MIT Sloan Executive Education innovation@work Blog

What makes a high-performing team? The answer may surprise you.

More women make teams smarter according to MIT's Thomas Malone

What sets high-performing teams apart? Strong leadership? Skilled team members? Shared goals? Maybe. But what if we told you that one of the key drivers of team performance was how many women were on the team?

Numerous studies continue to show the value that gender diversity has proven in boosting productivity and the bottom line within all levels of a company, from entry level to the boardroom, as well as the critical role women play in enhancing the collective intelligence of groups--as demonstrated by the research of MIT Sloan Professor Thomas Malone.

Malone, who is the head of the MIT Center for Collective Intelligence, says that when it comes to team performance, the more women the better. Research by Malone and his colleagues, Anita Woolley and Christopher Chabris, shows that the collective intelligence of a group rises when there are women involved in that group. And in fact, the more women, the better.

"In our study, if there were more women in the group, the group performed better," says Malone. In their New York Times article, "Why Some Teams Are Smarter Than Others," Malone and his colleagues wrote of their study, "Teams with more women outperformed teams with more men. Indeed, it appeared that it was not 'diversity' (having equal numbers of men and women) that mattered for a team’s intelligence, but simply having more women. This last effect, however, was partly explained by the fact that women, on average, were better at 'mindreading' than men."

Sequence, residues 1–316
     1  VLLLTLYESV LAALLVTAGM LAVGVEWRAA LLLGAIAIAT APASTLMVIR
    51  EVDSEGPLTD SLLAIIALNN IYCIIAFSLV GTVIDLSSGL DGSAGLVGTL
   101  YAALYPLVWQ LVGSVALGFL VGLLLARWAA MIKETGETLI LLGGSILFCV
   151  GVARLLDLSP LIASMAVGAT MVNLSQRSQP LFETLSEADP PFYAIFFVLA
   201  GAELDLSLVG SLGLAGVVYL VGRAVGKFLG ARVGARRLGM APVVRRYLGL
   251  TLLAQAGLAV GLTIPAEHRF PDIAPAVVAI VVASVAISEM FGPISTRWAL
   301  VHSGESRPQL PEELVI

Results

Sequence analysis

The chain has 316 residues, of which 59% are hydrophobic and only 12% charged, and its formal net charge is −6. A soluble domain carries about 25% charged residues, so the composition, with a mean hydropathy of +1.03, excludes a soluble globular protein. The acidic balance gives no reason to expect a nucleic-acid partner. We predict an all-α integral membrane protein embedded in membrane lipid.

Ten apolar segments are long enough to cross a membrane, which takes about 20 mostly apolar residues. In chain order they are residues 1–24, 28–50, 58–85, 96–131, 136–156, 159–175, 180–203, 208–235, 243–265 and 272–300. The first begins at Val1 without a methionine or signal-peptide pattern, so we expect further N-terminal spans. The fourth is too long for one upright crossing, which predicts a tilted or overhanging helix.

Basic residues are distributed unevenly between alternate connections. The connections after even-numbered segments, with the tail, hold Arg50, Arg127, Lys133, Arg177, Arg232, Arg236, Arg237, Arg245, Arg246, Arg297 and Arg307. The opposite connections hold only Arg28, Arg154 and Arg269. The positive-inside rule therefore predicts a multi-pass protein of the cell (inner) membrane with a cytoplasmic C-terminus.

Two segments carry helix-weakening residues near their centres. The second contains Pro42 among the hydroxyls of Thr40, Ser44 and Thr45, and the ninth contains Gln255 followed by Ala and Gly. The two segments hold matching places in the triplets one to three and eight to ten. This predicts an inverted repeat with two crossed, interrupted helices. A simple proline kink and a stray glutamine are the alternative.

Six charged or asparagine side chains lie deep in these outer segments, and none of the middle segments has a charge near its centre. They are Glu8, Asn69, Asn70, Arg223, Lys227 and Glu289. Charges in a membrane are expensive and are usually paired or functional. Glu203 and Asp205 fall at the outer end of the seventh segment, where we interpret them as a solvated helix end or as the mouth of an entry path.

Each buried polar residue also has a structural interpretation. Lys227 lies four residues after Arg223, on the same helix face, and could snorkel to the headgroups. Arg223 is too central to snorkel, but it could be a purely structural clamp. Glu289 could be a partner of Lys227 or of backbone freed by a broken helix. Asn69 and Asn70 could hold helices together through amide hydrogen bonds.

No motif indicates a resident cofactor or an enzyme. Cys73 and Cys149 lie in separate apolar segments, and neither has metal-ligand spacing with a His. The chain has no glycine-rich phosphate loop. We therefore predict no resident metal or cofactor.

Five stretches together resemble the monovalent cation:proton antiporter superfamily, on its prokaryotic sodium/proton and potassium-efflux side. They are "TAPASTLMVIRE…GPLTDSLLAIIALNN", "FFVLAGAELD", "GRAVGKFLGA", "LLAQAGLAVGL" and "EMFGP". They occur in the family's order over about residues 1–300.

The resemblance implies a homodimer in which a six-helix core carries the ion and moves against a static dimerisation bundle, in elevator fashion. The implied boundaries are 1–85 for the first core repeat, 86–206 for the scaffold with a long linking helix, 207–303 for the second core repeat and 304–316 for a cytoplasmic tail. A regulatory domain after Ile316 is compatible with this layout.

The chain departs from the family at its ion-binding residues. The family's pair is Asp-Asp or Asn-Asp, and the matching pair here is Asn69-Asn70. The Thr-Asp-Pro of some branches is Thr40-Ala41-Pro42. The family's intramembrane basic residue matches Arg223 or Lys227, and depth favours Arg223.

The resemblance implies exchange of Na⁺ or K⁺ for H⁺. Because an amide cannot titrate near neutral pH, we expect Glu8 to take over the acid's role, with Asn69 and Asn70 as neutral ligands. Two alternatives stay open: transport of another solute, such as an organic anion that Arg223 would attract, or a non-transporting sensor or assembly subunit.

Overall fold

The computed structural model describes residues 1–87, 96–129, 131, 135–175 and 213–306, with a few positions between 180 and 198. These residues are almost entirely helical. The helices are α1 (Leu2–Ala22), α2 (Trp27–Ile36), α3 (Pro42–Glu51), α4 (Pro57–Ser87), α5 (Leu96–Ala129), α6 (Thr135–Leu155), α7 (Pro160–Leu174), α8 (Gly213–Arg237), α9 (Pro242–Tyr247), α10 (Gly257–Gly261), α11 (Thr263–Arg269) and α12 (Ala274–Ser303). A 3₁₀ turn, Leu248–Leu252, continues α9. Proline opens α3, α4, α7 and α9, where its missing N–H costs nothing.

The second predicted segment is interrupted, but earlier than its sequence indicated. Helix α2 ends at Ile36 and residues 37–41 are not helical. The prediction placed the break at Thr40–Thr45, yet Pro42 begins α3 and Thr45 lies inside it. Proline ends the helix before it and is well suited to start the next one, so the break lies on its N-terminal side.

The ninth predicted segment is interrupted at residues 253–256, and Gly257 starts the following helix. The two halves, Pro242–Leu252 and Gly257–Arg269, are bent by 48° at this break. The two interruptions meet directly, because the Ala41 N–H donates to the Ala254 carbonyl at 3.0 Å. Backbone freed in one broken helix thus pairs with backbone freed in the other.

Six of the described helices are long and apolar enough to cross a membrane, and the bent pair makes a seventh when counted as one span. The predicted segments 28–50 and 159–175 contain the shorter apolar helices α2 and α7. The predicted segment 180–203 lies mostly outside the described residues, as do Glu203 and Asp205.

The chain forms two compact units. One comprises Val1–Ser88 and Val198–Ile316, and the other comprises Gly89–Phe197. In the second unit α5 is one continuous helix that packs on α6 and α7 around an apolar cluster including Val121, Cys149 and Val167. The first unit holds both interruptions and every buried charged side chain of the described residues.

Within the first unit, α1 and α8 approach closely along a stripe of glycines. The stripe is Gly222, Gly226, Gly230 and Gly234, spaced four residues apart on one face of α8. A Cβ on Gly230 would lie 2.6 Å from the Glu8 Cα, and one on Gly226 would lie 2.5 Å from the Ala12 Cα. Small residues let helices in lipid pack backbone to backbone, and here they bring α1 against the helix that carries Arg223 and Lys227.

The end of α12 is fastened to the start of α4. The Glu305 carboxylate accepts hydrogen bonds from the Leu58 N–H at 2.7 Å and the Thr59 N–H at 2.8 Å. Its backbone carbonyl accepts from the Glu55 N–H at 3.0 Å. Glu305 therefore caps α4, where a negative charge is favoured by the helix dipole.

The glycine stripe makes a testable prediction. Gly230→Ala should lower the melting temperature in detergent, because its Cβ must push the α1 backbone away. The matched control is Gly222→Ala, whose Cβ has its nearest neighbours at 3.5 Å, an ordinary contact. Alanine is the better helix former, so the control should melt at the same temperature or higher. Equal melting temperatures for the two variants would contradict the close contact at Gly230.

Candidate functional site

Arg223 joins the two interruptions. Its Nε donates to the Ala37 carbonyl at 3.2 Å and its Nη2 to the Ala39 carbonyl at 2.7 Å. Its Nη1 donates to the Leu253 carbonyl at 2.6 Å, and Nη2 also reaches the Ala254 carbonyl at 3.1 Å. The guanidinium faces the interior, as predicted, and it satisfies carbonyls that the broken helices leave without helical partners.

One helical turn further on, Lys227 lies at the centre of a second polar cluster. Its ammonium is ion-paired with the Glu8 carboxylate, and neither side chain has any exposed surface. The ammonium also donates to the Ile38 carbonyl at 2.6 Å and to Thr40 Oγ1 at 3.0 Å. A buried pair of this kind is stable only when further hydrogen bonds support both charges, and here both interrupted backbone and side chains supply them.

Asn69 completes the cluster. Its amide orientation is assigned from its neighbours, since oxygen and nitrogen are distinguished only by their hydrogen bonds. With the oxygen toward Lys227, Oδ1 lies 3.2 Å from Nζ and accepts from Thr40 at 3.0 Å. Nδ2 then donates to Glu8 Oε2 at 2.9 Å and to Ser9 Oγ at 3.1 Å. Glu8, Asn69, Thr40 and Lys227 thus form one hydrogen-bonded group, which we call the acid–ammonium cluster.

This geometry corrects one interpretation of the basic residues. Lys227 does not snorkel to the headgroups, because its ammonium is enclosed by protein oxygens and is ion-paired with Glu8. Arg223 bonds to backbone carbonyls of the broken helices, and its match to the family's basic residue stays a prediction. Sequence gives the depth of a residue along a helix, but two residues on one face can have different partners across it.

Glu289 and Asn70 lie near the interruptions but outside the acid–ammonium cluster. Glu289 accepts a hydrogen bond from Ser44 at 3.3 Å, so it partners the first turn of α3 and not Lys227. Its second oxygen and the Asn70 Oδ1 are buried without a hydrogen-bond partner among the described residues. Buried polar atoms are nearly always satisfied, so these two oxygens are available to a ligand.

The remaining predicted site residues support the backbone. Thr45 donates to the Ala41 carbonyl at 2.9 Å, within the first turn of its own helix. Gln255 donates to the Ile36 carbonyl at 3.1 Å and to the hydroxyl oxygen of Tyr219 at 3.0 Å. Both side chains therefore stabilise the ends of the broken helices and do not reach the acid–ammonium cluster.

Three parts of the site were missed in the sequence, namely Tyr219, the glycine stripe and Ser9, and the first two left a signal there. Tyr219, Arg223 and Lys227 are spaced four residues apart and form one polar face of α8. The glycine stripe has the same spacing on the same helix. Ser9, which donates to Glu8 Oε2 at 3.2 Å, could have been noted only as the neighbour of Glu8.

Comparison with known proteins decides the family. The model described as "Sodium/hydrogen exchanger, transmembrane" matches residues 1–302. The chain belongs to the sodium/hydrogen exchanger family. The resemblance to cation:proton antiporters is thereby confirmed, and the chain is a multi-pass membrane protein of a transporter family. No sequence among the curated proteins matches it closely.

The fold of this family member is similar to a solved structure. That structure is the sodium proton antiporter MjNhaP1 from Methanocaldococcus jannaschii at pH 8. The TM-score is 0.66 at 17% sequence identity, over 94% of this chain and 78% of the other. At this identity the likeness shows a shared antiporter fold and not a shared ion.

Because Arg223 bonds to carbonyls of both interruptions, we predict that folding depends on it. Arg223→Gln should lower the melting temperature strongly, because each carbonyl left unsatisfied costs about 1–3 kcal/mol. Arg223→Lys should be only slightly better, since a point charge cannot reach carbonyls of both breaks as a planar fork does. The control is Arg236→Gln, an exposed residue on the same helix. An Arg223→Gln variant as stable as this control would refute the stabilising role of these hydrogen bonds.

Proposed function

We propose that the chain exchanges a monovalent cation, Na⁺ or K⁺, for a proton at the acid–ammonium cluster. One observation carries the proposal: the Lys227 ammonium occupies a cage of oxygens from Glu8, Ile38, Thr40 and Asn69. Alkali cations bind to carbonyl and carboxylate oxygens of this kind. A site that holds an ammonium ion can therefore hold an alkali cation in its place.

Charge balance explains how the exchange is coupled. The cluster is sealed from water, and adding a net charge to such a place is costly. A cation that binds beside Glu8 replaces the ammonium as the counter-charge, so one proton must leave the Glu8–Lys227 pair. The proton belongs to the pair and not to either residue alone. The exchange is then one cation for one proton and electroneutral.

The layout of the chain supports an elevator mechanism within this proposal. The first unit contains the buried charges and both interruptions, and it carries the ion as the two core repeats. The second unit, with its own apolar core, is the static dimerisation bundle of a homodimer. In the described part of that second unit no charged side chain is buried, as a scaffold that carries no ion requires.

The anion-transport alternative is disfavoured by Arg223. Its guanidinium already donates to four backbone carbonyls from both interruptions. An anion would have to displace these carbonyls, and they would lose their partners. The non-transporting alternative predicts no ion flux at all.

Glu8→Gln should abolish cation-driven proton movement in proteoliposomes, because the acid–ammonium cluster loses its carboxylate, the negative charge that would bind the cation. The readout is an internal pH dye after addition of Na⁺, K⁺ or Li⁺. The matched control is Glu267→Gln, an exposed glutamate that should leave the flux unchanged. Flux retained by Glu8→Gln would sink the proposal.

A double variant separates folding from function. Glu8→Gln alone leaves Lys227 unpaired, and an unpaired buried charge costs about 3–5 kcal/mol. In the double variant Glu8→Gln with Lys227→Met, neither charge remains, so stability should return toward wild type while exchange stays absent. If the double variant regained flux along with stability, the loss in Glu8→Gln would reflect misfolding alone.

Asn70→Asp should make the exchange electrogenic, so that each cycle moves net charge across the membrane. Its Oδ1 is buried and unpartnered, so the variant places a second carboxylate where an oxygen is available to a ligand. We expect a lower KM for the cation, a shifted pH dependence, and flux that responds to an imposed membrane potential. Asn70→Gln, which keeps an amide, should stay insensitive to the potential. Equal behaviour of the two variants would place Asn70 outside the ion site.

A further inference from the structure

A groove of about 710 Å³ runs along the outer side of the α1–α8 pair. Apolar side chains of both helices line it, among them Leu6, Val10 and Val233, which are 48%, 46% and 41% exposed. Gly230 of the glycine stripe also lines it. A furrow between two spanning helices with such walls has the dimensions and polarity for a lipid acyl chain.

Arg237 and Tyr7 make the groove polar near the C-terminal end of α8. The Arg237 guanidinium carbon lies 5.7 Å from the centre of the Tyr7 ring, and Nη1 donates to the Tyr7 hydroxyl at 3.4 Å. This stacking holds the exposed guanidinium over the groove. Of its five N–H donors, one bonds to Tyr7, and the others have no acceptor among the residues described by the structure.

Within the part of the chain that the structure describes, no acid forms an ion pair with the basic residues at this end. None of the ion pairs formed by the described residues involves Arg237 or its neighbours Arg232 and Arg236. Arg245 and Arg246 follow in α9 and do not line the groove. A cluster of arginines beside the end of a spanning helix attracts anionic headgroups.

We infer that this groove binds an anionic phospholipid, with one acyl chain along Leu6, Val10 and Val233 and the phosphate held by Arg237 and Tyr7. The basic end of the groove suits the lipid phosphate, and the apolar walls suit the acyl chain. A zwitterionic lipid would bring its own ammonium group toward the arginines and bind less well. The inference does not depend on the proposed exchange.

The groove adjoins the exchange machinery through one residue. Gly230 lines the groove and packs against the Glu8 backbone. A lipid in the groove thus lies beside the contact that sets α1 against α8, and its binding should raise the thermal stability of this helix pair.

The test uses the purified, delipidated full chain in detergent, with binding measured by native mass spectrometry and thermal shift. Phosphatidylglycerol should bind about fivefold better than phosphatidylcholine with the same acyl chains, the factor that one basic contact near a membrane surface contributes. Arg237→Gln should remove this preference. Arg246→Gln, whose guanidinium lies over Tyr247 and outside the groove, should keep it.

By "mindreading," Malone is refering to the skill of social perception. Social perceptiveness is a kind of social intelligence; it's the ability to discern what someone is thinking through some means of human observation, especially if they are good at reading emotions from other people's eyes. Malone's research suggests that the performance of teams (and companies) can be dramatically improved when members can improve upon this skill, regardless of the industry.

In his original studies, the average social perceptiveness of group members was measured by a test called "reading the mind in the eyes" in which participants looked at pictures of other people's faces and tried to guess their emotions. When people in a group were good at reading faces, the group on average was more collectively intelligent. In more recent work, Malone and his colleagues extended that prior study to online groups. They used a similar measure of collective intelligence, but with both face-to-face and online groups. In the online groups, the participants could only communicate through text chat. Much to even their own surprise, they found that the average social perceptiveness of group members was equally predictive of collective intelligence in both face-to-face and online groups. People who are good at reading emotion in the eyes also seem to be good at reading emotion in texts and imagining what is going on in others' minds as they type.

Strong corporate decision-making requires the ability to hear and consider different points of view, which comes from people who have different backgrounds, experiences, and perspectives. Companies that have women directors and executive officers lead by example. They send a clear message that they value diversity of thought and experience. Even if for that reason alone, advancing women to positions of leadership is smart business.

If you're interested in learning more about building high-performing teams, consider enrolling in these MIT Sloan Executive Education programs:

Comments

Search innovation@work Blog

Subscribe to Blog by Email

Interested in writing a guest post?

Cutting-edge research and business insights presented by MIT Sloan faculty.